Integrated care vital to improving older people’s health

Closer working between health and social care services is key to keeping Kingston’s growing elderly population well, says the borough’s public health chief.

Integrated, cost-effective and high-quality local services must strive to help older people stay independent for as long as possible and focus on prevention, according to Dr Jonathan Hildebrand, Kingston’s Director of Public Health.

There are more than 20,500 people aged 65 and over living in Kingston, almost 13 per cent of the population. That is predicted to rise to almost 24,000 by 2021.

In his annual report on the borough’s health, Dr Hildebrand highlights the importance of helping older people to make healthy lifestyle choices and to keep physically, mentally and socially active.

The report looks at a range of issues affecting older people’s physical and mental wellbeing, including diet and social isolation. An estimated 8,000 older people lived alone in Kingston in 2012. This will increase to 9,200 by 2020.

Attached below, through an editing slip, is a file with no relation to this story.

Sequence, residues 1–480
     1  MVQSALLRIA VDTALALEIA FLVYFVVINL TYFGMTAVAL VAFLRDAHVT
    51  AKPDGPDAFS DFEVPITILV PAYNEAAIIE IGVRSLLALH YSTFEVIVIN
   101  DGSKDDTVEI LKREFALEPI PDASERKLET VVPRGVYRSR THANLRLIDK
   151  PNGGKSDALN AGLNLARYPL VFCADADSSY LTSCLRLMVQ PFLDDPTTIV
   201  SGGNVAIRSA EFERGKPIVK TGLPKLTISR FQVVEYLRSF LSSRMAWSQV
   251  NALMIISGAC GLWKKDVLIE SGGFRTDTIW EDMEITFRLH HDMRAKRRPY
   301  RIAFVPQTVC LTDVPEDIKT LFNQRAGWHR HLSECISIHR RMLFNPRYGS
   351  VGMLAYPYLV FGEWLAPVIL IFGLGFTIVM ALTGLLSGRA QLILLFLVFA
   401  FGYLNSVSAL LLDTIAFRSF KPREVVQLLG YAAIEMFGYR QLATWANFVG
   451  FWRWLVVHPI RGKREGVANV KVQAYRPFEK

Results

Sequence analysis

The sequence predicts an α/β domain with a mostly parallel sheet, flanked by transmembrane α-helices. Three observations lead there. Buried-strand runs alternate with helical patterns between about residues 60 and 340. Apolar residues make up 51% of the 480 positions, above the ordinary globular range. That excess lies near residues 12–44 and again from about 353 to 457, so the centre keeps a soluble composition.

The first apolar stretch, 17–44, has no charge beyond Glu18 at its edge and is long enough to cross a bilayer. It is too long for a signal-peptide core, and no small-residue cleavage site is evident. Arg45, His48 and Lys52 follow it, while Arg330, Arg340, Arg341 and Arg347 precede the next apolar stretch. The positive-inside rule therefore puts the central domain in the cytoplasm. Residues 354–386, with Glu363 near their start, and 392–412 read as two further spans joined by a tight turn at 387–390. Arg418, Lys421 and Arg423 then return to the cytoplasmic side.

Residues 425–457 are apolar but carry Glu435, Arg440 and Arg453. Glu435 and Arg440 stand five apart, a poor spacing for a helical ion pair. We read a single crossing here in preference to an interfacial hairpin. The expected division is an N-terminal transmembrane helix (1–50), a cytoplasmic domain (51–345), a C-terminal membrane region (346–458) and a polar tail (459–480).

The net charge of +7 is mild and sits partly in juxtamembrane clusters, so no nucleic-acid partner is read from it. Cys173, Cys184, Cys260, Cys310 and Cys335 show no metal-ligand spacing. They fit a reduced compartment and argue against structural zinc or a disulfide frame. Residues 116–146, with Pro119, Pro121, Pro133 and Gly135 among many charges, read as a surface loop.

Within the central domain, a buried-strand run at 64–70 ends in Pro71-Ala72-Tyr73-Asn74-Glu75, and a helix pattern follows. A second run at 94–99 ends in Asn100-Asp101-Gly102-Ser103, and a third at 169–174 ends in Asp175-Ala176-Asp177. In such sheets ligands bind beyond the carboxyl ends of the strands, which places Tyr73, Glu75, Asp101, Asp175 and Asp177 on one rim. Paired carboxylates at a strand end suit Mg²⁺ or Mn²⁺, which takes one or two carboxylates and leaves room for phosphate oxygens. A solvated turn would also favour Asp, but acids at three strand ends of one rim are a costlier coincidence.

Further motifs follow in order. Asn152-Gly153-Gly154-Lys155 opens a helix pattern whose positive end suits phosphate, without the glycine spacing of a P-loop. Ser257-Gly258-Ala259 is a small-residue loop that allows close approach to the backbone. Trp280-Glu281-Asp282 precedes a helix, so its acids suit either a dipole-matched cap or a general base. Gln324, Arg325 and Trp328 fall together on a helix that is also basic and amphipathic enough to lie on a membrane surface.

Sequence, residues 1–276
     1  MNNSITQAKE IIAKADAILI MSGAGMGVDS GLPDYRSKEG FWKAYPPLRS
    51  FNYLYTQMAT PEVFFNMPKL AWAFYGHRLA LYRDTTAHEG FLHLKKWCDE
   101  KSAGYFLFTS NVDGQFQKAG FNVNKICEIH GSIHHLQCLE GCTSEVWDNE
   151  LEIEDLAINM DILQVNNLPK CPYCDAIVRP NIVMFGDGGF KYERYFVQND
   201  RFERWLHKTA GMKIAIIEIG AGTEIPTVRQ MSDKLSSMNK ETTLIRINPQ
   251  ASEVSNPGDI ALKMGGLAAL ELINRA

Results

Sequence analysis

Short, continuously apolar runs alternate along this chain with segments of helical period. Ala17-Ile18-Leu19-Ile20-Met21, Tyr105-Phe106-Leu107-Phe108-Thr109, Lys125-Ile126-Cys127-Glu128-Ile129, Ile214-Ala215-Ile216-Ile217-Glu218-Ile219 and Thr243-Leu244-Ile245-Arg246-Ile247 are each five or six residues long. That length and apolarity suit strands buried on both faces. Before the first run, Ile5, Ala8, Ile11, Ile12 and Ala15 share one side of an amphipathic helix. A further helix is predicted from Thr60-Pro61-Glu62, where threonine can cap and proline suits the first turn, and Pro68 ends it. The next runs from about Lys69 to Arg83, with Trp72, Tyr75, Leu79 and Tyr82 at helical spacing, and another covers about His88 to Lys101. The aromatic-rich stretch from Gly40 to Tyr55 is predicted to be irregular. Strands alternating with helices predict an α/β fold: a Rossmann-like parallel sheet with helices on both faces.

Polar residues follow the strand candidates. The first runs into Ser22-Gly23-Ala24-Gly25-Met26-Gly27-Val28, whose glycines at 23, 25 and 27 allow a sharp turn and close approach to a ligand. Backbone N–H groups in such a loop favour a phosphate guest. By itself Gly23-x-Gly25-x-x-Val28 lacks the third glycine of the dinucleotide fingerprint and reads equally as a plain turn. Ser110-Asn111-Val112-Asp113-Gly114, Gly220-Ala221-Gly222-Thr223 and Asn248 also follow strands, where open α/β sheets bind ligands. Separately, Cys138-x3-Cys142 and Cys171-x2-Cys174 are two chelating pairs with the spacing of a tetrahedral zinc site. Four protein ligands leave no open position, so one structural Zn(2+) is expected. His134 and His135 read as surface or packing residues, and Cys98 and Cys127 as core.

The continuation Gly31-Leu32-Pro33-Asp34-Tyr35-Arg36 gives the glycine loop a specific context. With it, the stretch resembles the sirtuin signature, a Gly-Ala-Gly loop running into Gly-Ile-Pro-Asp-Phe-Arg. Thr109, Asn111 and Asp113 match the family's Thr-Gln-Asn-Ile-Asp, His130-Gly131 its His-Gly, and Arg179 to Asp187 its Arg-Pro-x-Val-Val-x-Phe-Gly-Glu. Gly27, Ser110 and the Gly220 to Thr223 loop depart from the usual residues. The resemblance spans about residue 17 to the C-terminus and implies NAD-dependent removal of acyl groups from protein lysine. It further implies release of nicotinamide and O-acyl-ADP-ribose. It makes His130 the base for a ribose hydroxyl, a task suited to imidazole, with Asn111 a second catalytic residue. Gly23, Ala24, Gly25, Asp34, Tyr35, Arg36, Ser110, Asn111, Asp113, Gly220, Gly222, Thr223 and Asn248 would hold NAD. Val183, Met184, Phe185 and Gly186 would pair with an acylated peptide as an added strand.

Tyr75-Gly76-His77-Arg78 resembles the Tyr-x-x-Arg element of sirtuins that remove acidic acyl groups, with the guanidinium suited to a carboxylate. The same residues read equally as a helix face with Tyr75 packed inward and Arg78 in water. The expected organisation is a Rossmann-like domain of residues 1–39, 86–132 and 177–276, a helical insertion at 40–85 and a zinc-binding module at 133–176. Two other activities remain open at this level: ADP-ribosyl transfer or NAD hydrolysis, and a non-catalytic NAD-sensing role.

Fewer than ten per cent of people aged 50 and over in Kingston are meeting recommended levels of physical activity.

The report warns that the number of older people suffering alcohol related harm could increase by 50 per cent over the next 20 years if action is not taken.

A range of local action and support has helped many over-65s in Kingston drink less alcohol, quit smoking, eat more healthily, get fitter, and lose weight.

“One of the clear messages that emerges from this report is the importance of addressing lifestyle issues in older people to prevent illness.

“Many older people are active, healthy and independent. But there will be an increasing number of people locally with a range of complex health and social care needs. There is a growing gap between demand for our services and the resources available to us.

“In order to meet people’s needs in these times of financial stringency,

integration between health and social care is vital. Services need to strive to keep people independent for as long as possible and should be taking a preventative approach.”

Dr Jonathan Hildebrand

Read the report: Older People in Kingston – Living Well in Later Life.